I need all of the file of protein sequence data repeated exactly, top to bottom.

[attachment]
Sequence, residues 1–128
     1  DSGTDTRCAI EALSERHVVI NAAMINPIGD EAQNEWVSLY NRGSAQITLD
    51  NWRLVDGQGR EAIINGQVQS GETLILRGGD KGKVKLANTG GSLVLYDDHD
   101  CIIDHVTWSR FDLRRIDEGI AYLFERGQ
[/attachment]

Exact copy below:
Sequence, residues 1–128
     1  DSGTDTRCAI EALSERHVVI NAAMINPIGD EAQNEWVSLY NRGSAQITLD
    51  NWRLVDGQGR EAIINGQVQS GETLILRGGD KGKVKLANTG GSLVLYDDHD
   101  CIIDHVTWSR FDLRRIDEGI AYLFERGQ